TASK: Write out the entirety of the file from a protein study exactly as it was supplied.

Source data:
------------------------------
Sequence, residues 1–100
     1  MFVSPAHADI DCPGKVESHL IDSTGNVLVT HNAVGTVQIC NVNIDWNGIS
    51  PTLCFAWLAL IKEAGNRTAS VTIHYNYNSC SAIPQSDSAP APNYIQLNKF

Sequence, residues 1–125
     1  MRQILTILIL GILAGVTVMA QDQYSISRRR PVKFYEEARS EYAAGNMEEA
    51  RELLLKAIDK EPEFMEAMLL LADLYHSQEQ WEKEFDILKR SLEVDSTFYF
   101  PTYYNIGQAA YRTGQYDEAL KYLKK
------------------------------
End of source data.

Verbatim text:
Sequence, residues 1–100
     1  MFVSPAHADI DCPGKVESHL IDSTGNVLVT HNAVGTVQIC NVNIDWNGIS
    51  PTLCFAWLAL IKEAGNRTAS VTIHYNYNSC SAIPQSDSAP APNYIQLNKF

Sequence, residues 1–125
     1  MRQILTILIL GILAGVTVMA QDQYSISRRR PVKFYEEARS EYAAGNMEEA
    51  RELLLKAIDK EPEFMEAMLL LADLYHSQEQ WEKEFDILKR SLEVDSTFYF
   101  PTYYNIGQAA YRTGQYDEAL KYLKK